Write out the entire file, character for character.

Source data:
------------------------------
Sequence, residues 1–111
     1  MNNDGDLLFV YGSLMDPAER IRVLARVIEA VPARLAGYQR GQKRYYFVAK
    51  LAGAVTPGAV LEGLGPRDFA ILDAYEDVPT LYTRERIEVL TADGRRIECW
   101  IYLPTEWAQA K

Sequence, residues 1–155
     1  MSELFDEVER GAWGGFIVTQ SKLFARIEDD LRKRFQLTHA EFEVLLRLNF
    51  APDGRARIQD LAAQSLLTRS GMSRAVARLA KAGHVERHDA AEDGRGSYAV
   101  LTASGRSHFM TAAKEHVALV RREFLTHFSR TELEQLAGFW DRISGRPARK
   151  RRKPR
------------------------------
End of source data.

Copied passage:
Sequence, residues 1–111
     1  MNNDGDLLFV YGSLMDPAER IRVLARVIEA VPARLAGYQR GQKRYYFVAK
    51  LAGAVTPGAV LEGLGPRDFA ILDAYEDVPT LYTRERIEVL TADGRRIECW
   101  IYLPTEWAQA K

Sequence, residues 1–155
     1  MSELFDEVER GAWGGFIVTQ SKLFARIEDD LRKRFQLTHA EFEVLLRLNF
    51  APDGRARIQD LAAQSLLTRS GMSRAVARLA KAGHVERHDA AEDGRGSYAV
   101  LTASGRSHFM TAAKEHVALV RREFLTHFSR TELEQLAGFW DRISGRPARK
   151  RRKPR